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Seborrheic Dermatitis and Hair Loss: What's the Connection?

Knox Beasley, MD

Reviewed by Knox Beasley, MD

Written by Steph Coelho

Published 05/08/2021

Updated 06/09/2024

A red, itchy, scaly rash, flakes of dandruff, and hair thinning might be a sign you have seborrheic dermatitis. You might be wondering, is seborrheic dermatitis hair loss a potential symptom?

Seborrheic dermatitis is a skin condition that affects millions of people. This chronic form of eczema is one of the most common skin disorders in the world, affecting up to 70 percent of infants and approximately 11.6 percent of the general population. 

While it can impact scalp health, it’s not a direct cause of hair loss. Still, the condition can lead to temporary hair loss.

Below, we explore whether the condition causes hair loss. We also outline the causes, symptoms, and treatments for seborrheic dermatitis and related hair loss.

Seborrheic dermatitis is a common skin disease caused by numerous things, including genetics, immune system health and fungal infection. In children and infants, seborrheic dermatitis is called cradle cap.

You might feel burning or an itchy scalp in areas of skin affected by seborrheic dermatitis. It can cause a scaly, red-colored, greasy and swollen rash to develop on your skin, which can feel even grosser than it sounds.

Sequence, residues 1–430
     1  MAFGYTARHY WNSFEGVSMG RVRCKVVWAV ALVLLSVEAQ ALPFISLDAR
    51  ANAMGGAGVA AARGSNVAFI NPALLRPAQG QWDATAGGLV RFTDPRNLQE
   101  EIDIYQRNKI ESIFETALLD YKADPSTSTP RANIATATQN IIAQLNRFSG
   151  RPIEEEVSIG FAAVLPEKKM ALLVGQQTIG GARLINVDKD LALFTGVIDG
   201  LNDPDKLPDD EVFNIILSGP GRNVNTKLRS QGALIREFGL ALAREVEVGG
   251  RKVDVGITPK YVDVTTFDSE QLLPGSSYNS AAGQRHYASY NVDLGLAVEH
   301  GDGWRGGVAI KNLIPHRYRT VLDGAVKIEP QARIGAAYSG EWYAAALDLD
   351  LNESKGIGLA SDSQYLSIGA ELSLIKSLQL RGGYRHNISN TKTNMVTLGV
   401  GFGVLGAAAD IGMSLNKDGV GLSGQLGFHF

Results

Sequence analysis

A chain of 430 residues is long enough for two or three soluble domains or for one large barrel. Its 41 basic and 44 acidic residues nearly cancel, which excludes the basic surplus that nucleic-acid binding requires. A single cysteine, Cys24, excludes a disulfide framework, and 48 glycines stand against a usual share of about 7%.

Seborrheic dermatitis symptoms can vary depending on age and other factors. But the most common symptoms of seborrheic dermatitis are:

  • Scaly patches that develop on the skin

  • Beneath the scale, a red skin rash

  • Yellow and white flakes that fall from the affected skin (aka dandruff)

Over time, the scale may become dry and flaky, causing it to break off easily when the affected skin is touched or rubbed.

Seborrheic dermatitis tends to develop on oily skin. It’s common on your scalp and around your ears, including inside your ear canal. Other affected areas where seborrheic dermatitis may develop include the:

  • Face

  • Eyelids

  • Eyebrows

  • Chest, back and armpits

  • Genitals

Keep reading to learn what could be a potential cause of seborrheic dermatitis.

The causes of seborrheic dermatitis are still undetermined. Currently, research suggests that genetics, climate, stress levels and the growth of certain types of yeast on the skin all play a role.

Research also shows that factors such as allergies and hygiene don’t appear to play a role in the development of seborrheic dermatitis.

Although seborrheic dermatitis can affect anyone at any time in life, it’s most common in infants three months or younger and adults aged between 30 and 60. You may have a higher risk of developing seborrheic dermatitis if you have a medical condition or use certain types of medication.